Maison Escher

Maison Escher Group is a network of modern apartments distributed on the territories of Atrani, Amalfi and Pogerola. Immersed in the scents, flavors, and colors of the Divine, our Maison welcomes every year guests who are attentive to details, passionate about contemporary art and the Greco-Roman world. We have transformed our apartments into all-round experiential devices, inserting inside them paintings by emerging local artists, ceramics of the best Vietri tradition, and giving them names that refer to the mythical toponymy of these territories. We are convinced that the collective and cultural memories of places should be protected and eternalized now more than ever. Maison Escher group is a sensibility towards these memories, an enhancement of the territory, a cult of hospitality. We look forward to seeing you

Casa Seirenes

νησίδια τρία προκείμενα ἔρημα πετρώδη, καλοῦσι Σειρῆνας

Three rocky, uninhabited islets ahead that they call Seirenes

Strabo, Geogr., 1,2,12

Seirenoussai, when the gulf was called Cumano, was the name of the promontory of Sorrento, also known as Athenaion and corresponding to today’s Punta della Campanella; Seirenes were called the three nearby islets, deserted and stony, known today as Li Galli. […] The current Li Galli, recalling even it directly the image of the siren hybrid-winged, would be the modern reflection of the ancient Seirenes. […] So Seirenoussai, the promontory, recalls the life of the sirens, Seirenes, the islets, their destiny of stone.

Federico E., Seirenoussai o Seirenes. Una semplice nuance? Strabone, le Sirene, Li Galli

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Casa Posides

Libertorum praecipue suspexit Posiden spadonem, quem etiam Britannico triumpho inter militares uiros hasta pura donauit

Among the freedmen he particularly admired the eunuch Posides, to whom, after the triumph with the Britons, among the experts of militia, he gave the pure rod.

Gaius Suetonius Tranquillus, De Vita Caesarum Cl. 28.1.1

The emperor Tiberius bought the island (Capri) from the municipality of Naples and built twelve villas, in which he placed, as in a Versailles ante litteram, illustrious exponents of the Roman patriciate. On the wave of Tiberius senators and equites built maritime villas along the coasts of Sinus Neapolitanus (Gulf of Naples) and Sinus Paestanus (Gulf of Salerno). Among these, the freedman Posides, enriched in the shadow of Claudius, would have built, according to Matteo Della Corte (1937), the villa of Positano, whose name is derived from his name. The villa, recently brought back to light in part, shows valuable frescos of the I century A.D. Opposite, on the islet of Gallo Lungo, there are the remains of a small mooring with pilae and arches and of a cistern.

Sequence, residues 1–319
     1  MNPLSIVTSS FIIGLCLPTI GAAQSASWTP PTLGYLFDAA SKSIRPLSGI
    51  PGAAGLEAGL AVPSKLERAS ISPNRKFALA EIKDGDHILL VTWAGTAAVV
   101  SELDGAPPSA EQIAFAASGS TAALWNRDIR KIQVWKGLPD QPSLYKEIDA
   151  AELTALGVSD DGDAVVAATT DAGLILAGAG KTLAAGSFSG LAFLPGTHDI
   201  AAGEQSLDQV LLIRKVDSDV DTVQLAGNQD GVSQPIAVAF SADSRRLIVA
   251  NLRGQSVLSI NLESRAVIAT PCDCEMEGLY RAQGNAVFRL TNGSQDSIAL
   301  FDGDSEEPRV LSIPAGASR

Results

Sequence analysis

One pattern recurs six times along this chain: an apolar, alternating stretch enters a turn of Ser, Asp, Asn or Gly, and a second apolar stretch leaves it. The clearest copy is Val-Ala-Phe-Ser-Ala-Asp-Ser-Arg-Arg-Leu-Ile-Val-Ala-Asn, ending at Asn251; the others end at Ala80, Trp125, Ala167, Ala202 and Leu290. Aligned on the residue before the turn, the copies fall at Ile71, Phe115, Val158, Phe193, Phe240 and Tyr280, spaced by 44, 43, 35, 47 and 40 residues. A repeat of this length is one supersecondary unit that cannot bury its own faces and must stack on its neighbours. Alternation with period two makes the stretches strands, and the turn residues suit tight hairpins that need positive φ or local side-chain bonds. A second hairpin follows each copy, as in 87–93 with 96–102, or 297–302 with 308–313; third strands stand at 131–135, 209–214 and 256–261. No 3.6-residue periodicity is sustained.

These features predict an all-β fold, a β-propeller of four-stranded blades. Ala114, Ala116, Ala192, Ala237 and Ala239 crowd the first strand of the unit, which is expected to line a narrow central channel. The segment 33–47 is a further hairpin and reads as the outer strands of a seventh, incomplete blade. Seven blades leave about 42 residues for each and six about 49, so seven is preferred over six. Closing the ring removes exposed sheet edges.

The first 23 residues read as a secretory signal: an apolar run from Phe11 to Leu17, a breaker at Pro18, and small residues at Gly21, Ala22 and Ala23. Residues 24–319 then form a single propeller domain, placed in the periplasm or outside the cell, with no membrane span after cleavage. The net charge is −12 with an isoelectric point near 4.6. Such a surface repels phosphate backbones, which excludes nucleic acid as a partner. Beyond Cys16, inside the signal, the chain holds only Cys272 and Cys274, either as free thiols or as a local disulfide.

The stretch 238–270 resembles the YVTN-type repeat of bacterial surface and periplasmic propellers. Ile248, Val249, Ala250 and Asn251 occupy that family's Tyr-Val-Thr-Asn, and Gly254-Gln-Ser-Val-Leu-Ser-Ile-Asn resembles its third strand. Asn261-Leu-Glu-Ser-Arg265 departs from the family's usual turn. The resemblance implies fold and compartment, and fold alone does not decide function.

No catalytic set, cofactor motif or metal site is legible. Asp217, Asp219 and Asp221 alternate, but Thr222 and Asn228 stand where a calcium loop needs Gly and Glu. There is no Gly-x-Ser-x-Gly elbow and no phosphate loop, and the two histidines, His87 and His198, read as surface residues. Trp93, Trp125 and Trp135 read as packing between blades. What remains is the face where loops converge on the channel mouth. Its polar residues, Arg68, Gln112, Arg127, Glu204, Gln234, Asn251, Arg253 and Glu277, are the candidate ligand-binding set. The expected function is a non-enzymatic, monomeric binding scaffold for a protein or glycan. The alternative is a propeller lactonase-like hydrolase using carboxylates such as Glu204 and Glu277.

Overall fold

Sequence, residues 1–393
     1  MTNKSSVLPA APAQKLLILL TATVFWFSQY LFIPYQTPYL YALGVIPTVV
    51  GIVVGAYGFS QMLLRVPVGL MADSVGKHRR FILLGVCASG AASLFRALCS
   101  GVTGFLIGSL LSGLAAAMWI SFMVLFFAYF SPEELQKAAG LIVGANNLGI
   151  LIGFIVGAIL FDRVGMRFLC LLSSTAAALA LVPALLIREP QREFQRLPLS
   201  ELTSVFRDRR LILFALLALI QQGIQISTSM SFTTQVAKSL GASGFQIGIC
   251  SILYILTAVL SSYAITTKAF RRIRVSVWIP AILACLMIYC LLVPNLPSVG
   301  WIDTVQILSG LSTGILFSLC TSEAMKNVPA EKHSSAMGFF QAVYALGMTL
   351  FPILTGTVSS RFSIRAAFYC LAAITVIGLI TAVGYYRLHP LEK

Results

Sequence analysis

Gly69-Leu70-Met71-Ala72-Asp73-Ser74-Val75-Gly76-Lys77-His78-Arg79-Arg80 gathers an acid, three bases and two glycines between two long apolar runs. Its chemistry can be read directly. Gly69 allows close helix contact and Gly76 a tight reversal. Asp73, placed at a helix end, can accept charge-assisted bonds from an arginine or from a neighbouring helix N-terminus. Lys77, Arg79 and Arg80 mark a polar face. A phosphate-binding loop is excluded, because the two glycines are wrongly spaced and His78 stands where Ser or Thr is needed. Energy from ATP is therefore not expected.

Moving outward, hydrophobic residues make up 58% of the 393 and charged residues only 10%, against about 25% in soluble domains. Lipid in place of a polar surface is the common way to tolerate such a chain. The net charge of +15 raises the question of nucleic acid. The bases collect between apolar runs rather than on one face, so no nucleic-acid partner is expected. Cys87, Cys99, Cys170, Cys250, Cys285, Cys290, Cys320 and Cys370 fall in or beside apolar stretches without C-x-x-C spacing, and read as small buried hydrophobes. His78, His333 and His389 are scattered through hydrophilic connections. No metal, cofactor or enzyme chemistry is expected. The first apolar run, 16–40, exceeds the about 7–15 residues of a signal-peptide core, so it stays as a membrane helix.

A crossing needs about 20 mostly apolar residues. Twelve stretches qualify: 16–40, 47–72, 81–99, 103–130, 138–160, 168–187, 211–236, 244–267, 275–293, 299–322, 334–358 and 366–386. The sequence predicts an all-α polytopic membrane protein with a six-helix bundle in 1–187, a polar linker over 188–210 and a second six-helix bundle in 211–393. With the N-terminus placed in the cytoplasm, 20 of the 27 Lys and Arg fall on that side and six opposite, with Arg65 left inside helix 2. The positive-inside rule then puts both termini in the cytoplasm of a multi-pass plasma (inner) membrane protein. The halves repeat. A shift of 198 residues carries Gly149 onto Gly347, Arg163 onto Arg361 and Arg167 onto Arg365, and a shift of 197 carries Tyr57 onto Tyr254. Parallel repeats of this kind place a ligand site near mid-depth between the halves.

Giuseppe Gargano

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Casa Escher

[…] The word “Metamorphose” itself serves as a point of departure. […] each bird is transformed into a rhomb, and this gives rise to a second association of ideas: a hexagon made up of three rhombs gives a plastic effect, appearing perspectively as a cube. From cube to house is but one step, and from the houses a town is built up. It’s a typical little town of southern Italy on the Mediterranean, with, as commonly seen on the Amalfi coast, a Saracen tower standing in the water and linked to shore by a bridge. [It is the town of Atrani.]

The lectures that were never given’, in Escher on Escher: Exploring the Infinite, 1989

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Casa Regina

That pretty little cove set in the green of the coastal mountains, rich in game, crossed by a joyful brook, certainly attracted the attention of the Roman patrician. Perhaps a senator or a consul, who sailed on the sea already crossed by Odysseus and Aeneas and inhabited by the malicious sirens. Perhaps he was directed by friends in the not far villa of Positano or in that of Li Galli. Perhaps someone in Rome had told him to visit that coastline which from the Etruscan Marcina reached as far as Punta Campanella.

Di Vito Pinto

That small cove was in the place where now stands Minori, the city where there are the remains of what was the Villa Marittima of the Roman patrician. His name is not known, but looking at what remains of his “holiday” (we would say today) certainly was a wealthy person, cultured and refined. The testimonies surviving the wear and tear of time testify to a particular elegance of this residence that the owner had built for his otium, to live when he had.

The dating of its construction has been fixed to the first century AD, in those years ranging from 30 to 40. Next to the building flowed the river (Reghinna Minor) that was properly exploited in the design of the villa, for the supply of running water for both the scenic fountains and for the use and for the baths that the patrician thought good to be built. The entrance of the villa was directly on the sea.

Di Vito Pinto

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